Understanding the natural diet of goldfish is very important to their overall health. They do need some protein, but it needs to be from a good source and in moderation.
That’s why it’s important to provide plenty of fibrous veggie matter to your goldies 🙂
Sadly, most commercial flake and pellet foods available at the pet store are just JUNK foods that give goldfish swim bladder problems and even fatty liver disease.
This is important:
Good things to feed your goldfish include live foods such as frozen bloodworms, brine shrimp and even earthworms from the garden.
Many goldfish kept in aquariums are overfed – you can often tell by their enlarged belly.
Overfeeding is not just dangerous to your goldfish’s health directly, but to the entire ecosystem of the tank.
Combine a dreaded goldfish bowl with an overfeeding owner and you’ve got a recipe for disaster! :O
[Want to learn more about feeding your goldfish? Check out this article.]
General Care and Housing
Your goldfish’s life resides in the hands of one person and one person alone:
How you take care of it will affect whether or not it lives a long, healthy, happy life – or a short and sickly one.
Their fate is in your hands!
When it comes to picking out what kind of home your goldfish needs, it’s important to remember two things:
- Goldfish grow much bigger than you think, especially the slim-bodied ones
- Goldfish need adequate water volume and filtration in order to survive
Too often goldfish owners ignorantly keep their pets in a space that’s much too small and run into SO many problems as a consequence.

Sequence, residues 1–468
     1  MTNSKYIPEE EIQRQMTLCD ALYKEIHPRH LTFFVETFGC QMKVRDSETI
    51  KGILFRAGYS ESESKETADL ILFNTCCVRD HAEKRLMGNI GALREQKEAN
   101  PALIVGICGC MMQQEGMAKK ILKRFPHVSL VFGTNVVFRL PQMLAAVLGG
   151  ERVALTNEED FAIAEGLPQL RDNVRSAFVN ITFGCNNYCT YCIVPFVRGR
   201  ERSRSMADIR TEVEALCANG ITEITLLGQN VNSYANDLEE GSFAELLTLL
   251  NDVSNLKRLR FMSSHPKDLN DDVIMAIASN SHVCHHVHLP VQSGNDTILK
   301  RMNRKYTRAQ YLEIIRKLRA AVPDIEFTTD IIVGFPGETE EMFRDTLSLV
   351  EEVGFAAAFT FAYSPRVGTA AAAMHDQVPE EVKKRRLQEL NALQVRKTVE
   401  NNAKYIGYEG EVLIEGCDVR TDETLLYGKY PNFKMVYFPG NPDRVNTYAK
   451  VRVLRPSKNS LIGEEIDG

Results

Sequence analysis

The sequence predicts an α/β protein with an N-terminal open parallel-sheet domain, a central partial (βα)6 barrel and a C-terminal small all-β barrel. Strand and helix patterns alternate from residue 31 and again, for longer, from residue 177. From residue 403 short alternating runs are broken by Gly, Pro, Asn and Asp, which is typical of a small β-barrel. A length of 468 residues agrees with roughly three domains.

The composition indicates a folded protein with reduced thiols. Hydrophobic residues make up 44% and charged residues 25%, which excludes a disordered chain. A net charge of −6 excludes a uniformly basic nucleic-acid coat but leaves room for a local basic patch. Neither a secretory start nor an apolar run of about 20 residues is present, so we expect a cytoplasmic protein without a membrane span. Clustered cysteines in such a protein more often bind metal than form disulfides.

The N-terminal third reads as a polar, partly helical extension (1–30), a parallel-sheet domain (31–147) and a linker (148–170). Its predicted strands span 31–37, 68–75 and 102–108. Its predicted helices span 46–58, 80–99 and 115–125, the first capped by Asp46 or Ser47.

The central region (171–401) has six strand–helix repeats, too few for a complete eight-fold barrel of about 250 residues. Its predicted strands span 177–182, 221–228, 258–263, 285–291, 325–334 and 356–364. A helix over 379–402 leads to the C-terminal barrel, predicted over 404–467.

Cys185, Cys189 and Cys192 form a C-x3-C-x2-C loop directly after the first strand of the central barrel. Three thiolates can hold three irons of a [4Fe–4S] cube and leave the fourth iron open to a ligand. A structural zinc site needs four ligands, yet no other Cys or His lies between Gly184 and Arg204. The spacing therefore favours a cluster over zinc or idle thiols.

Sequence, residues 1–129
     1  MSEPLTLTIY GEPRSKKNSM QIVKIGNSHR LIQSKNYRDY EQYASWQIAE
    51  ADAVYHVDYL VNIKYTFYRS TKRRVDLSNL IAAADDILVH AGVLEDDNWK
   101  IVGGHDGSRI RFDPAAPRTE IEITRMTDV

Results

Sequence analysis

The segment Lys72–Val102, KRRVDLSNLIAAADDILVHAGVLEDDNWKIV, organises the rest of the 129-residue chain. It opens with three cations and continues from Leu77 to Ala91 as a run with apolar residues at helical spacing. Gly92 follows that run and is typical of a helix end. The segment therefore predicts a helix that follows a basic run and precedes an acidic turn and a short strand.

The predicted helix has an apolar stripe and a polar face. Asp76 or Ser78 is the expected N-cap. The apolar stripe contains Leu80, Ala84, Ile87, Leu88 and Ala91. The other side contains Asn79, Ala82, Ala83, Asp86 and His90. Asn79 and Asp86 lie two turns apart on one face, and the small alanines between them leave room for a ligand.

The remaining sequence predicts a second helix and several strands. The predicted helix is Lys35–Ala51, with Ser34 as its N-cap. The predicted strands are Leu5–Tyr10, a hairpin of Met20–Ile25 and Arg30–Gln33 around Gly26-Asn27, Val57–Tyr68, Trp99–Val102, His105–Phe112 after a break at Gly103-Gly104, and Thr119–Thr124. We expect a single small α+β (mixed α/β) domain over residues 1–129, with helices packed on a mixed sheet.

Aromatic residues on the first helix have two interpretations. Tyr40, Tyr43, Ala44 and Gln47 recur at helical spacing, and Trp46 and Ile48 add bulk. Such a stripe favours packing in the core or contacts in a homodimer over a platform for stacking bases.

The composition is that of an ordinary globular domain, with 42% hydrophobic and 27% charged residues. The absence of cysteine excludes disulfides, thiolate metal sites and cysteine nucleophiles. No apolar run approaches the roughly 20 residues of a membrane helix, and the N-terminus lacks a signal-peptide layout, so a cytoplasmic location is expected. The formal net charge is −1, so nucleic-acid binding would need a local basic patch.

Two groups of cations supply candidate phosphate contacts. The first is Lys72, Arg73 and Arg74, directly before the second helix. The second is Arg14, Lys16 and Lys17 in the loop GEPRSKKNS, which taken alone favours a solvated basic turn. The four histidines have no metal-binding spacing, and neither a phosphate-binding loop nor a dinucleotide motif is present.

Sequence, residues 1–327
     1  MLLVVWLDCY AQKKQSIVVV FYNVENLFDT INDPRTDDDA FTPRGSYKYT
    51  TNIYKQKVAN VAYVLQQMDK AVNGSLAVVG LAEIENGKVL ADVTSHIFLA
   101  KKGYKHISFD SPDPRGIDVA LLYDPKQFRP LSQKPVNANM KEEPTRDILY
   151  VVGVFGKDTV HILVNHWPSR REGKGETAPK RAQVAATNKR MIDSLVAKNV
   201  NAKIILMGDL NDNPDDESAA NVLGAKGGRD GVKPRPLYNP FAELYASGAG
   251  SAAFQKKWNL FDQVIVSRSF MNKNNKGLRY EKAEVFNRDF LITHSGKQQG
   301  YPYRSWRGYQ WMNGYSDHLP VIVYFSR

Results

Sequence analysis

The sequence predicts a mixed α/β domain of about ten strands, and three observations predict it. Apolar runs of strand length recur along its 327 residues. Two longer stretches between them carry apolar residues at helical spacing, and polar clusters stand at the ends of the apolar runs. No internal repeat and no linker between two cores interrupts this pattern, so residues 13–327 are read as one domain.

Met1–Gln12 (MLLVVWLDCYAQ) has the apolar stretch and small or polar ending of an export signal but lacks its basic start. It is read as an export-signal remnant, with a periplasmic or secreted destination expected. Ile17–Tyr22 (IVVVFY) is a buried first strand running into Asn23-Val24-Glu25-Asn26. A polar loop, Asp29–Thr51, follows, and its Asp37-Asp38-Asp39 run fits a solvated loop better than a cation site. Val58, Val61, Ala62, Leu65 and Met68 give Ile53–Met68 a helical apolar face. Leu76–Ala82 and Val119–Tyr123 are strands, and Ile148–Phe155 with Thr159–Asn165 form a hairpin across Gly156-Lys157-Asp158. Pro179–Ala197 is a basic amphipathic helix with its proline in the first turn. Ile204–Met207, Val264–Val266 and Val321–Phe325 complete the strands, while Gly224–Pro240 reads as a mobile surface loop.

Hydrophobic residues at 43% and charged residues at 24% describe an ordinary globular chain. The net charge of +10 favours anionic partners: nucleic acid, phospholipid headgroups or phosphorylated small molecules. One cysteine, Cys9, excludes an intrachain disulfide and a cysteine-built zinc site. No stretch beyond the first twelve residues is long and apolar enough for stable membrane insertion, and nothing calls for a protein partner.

Let’s get this out of the way right now:
Goldfish bowls are terrible homes for these pets!
The picture of a goldfish swimming happily around in a glass bowl is downright false.
Bowls are bad for a TON of reasons. Just don’t even think about it, okay? 😉
Instead, get your goldfish a properly sized tank and you will save yourself a lot of issues down the road.
[Click here to read what size tank a goldfish needs…]
You may have heard that goldfish are cold water fish and do not need a heater, but studies have shown that they do better in warmer waters (in the 70 degrees F range).
Natural fluctuations in temperature are normal…
… As long as they aren’t too drastic.
Sudden changes can shock and even kill a goldfish if they are too extreme.
It’s recommended not to change the water by 10 degrees at a time and monitor their health closely in the winter time if your fish live out in a pond.
This is just a short overview of care – obviously there is a LOT more to successful goldfish keeping than that 😉
[Click here to read our beginner’s setup guide…]
Purchasing & Collecting
I get this question a lot:
“Where should I get my goldfish?”
There are lots of options… but which one is the best?
I came up with a list of the most trustworthy sellers online to help answer that very question.
[View the full list here…]